A rural health centre, that faced the axe as it struggled to remain financially viable, has been saved.
And news that Slaidburn Medical Centre is to stay open was hailed as a "community triumph' by Ribble Valley MP Nigel Evans.
Villagers had campaigned to keep their doctor's surgery open through a social media campaign and several public meetings to rally support for their cause. They were even considering ideas to raise the £40,000 shortfall funding needed.
Speaking after the announcement yesterday by the East Lancashire Clinical Commissioning Group, that a new provider has been found for the centre for the next two years, Mr Evans said: "The news that Slaidburn Medical Centre staying open is a community triumph that could not have been achieved without the dedicated and tireless work of Mike Fairbairn the chairmman of Slaidburn Country Practice Patient Participation Group and all those who made representations to me, the CCG and the Department for Health.
“From meeting some of the patients last weekend and listening to their strong sentiment about the practice it seems very clear that the service is cherished by all those who use it.
"The service is not only a GP practice, it also provides near-instant care for a rural community where ambulances take nearly an hour to arrive – the practice gives elderly residents in the area reassurance that medical assistance is nearby."
Mr Evans has also spoken to Prime Minister Boris Johnson about the centre and its continued uncertainty to ensure he understands the continued difficulties of small communities like Slaidburn.
Mr Evans added: "Although the signing of this contract is fantastic news, I do not wish to see any diminution of service at the facility and will continue to apply pressure to the relevant bodies to ensure the long-term
future of Slaidburn Medical Centre is secured.”
The MP also plans to invite the Secretary of State for Health, Matt Hancock, to visit the medical centre to see for himself the service it provides and how cherished it is by the villagers.
Following a long procurement process, the CCG announced yesterday that Bowland Health Ltd will be taking over the GP contract at Slaidburn Medical Centre.
The procurement process, run by NHS East Lancashire, is a tried and tested way of inviting bids to provide GP services. As part of the process, a panel of experts, including a patient representative from the Slaidburn Country Practice, were asked to review and consider the bids and recommend a preferred GP provider.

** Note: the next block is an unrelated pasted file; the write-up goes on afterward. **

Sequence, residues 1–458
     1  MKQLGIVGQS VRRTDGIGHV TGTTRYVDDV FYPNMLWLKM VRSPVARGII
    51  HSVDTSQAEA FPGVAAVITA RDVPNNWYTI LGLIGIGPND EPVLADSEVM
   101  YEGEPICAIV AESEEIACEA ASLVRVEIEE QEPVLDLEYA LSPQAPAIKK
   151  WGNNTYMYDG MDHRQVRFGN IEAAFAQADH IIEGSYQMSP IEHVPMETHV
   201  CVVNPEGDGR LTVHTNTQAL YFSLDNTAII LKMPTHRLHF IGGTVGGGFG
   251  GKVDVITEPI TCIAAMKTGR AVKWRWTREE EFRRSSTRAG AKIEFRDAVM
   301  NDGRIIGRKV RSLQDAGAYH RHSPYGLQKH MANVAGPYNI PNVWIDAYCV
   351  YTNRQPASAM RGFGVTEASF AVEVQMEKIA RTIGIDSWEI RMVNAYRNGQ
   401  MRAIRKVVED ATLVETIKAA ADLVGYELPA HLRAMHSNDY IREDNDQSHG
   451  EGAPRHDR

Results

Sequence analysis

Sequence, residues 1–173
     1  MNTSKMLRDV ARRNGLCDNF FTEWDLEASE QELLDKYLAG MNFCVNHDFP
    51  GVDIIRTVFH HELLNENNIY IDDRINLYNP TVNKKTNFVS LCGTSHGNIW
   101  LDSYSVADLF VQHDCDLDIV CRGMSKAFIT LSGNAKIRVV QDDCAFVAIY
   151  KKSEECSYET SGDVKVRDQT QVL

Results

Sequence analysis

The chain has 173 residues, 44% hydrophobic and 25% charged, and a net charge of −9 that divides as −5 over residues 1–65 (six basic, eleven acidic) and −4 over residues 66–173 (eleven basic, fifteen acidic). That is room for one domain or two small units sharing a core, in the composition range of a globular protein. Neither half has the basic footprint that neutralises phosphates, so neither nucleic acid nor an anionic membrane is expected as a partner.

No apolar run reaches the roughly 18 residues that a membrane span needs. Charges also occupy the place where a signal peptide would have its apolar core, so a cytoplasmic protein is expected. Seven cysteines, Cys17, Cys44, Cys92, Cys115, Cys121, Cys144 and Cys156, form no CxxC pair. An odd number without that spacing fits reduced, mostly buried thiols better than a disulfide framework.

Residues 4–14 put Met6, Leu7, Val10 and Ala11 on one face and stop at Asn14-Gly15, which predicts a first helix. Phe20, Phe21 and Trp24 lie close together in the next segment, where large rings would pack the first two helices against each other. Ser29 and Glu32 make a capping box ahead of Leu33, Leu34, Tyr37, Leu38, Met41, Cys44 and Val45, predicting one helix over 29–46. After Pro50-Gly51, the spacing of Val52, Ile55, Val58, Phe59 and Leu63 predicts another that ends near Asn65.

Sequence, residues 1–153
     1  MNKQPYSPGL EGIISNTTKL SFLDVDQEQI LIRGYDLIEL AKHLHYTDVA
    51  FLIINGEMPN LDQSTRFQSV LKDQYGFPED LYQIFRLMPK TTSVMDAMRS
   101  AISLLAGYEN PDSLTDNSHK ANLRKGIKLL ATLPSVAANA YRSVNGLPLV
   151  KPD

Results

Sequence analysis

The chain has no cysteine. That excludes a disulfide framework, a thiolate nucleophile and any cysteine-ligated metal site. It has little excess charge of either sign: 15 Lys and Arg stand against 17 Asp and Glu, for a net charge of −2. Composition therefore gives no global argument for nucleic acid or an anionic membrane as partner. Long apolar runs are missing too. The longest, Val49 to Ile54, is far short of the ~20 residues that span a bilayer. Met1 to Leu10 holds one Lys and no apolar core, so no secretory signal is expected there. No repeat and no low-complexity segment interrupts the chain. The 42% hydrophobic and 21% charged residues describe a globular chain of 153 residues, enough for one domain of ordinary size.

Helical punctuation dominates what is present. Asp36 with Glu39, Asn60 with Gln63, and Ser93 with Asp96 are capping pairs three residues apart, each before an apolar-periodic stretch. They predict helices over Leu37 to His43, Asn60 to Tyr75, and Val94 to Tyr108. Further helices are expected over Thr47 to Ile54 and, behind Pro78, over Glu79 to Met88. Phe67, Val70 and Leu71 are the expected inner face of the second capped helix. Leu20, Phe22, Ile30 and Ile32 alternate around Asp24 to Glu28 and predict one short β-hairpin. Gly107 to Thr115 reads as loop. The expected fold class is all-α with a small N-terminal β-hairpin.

Dr Amy Bonner, Medical Director of Bowland Health Ltd, has nine years of GP experience and has previously worked as a locum in Slaidburn and Clitheroe and is familiar with the health needs of local people.
Her clinical interests include lifestyle medicine, and health promotion, and she is passionate about helping people to live healthily and well.
Dr Bonner said: “I am delighted and honoured to be given the opportunity to run Slaidburn Country Practice and continue working with this fantastic group of staff and patients.
"Being local to the area, I appreciate the vital nature of a reliable primary care service in this rural setting. At Bowland Health we hope to build on the existing surgery and achieve sustainable healthcare for the local people into the future."
Mike Fairbairn, chairman of Slaidburn Country Practice Patient Participation Group said: “I was pleased to be involved in the procurement evaluation run by the CCG. It is important that the voice of the patient is heard, particularly in the case of Slaidburn Practice where people are extremely concerned about the potential loss of the service.
“The CCG has tried hard to get the best possible GP service for Slaidburn and surrounding areas. As a result of this I am optimistic for the future of Slaidburn Country Practice and look forward to supporting Dr Bonner in her leadership of the practice as well as working towards a long-term solution for maintaining the practice as an integral part of our rural communities.”
The campaign to save the medical centre began when the CCG announced it had served notice for the contract to end on September 30th unless NHS England could find a new provider prepared to run it.
A small rural practice it is isolated from its neighbours by the Bowland Fells and has just over 1,100 patients,
Its closure would mean that patients would have to make an almost 20 mile round trip to see a doctor while the nearest accident and emergency department is in Blackburn, which is almost an hour away.
The CCG has said there will be a period of transition and handover from the existing GP provider to the new GP service but this would prioritise continuity for the patients.
For patients registered with Slaidburn Country Practice service will run as usual and there is no need to
do anything other than use the practice as they always have done.